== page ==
A bowl of miso soup is one of the simplest and most comforting things to eat and to make. It’s often saved me on countless rushed weekday mornings and ‘Fridge Forage’ nights, when I’m desperate for food that’s fast, easy, but healthy at the same time. Making the broth takes probably as much time as it takes to look up the number of a delivery service and read off your order twice to the harried staff on the other side of the phone.
You only need to stir in a tablespoon of miso paste into a bowl of hot water (homemade stock or seaweed dashi if my fridge is in a happier state, or if I’ve got a bit more time), along with a drizzle of sesame oil, generous shakes of white pepper and some spring onions – which I snip with kitchen scissors straight into the bowl. From start to finish, a plain bowl of soup takes a couple of minutes– maybe a bit more if I want to beef it up with other ingredients. I vary my miso soups with noodles or rice; fresh vegetables and herbs; and/or a bit of chicken or seafood according to my fancy.
Miso is made by the fermentation of soybeans – very commonly, with other grains such as rice, wheat and barley. This process results in a rich, savoury paste that not just seasons a dish, but lends it instant umami depth, making it much more exciting than plain old salt. The fermentation also cultivates minerals, vitamins and gut-friendly bacteria, making it a very healthy paste for something that sounds too ‘instant’ and delicious to be good for you. To reap the maximum digestive benefits of miso, you should avoid boiling the ‘live’ miso, so I tend to stir it into soups at the last minute.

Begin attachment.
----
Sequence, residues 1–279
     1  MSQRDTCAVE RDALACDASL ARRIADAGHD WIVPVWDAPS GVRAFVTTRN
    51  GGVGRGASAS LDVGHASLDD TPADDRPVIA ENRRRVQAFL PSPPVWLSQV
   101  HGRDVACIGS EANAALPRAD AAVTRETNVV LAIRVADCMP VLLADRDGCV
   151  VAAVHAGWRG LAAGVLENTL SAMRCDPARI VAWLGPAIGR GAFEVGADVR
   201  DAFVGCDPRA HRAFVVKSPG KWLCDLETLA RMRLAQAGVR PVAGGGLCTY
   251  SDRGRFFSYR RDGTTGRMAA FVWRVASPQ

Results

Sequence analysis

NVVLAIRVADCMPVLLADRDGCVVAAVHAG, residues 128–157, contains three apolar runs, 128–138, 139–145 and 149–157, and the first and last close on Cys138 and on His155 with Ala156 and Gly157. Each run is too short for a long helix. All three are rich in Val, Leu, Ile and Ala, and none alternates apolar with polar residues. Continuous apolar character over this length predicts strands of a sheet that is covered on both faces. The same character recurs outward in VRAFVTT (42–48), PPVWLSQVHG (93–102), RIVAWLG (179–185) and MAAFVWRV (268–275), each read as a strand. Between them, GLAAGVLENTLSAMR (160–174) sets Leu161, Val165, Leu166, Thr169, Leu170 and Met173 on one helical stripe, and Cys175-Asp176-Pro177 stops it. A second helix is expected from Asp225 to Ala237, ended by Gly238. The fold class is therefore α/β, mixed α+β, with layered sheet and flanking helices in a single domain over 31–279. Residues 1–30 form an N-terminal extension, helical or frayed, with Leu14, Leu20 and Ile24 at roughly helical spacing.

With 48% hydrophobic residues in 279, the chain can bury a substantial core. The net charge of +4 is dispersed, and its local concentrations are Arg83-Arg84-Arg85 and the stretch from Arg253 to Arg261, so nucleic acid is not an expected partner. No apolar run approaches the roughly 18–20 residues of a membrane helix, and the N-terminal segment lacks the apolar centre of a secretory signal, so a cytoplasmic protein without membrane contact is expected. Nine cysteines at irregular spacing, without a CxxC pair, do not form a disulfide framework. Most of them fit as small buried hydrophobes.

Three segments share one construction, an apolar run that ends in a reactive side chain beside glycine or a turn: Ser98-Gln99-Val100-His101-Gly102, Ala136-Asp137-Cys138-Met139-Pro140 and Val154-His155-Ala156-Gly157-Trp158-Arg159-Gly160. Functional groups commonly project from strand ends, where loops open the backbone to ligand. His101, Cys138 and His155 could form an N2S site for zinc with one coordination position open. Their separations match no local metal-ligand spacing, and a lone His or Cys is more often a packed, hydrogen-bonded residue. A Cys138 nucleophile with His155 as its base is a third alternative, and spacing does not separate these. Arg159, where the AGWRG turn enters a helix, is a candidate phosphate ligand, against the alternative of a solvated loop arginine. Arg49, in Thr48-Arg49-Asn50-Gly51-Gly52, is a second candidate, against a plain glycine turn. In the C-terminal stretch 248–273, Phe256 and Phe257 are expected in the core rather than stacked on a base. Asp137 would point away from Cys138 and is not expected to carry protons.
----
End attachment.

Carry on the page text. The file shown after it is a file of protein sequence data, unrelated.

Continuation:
That said, it would be a shame not to cook with miso or use it into other ways. I sneak miso into all sorts of dishes – stews, marinades, sauces, dressings, and even flavoured butters. Depending on the length of fermentation and the additional grains used, you have a huge variety of flavours to work with, so it never gets boring.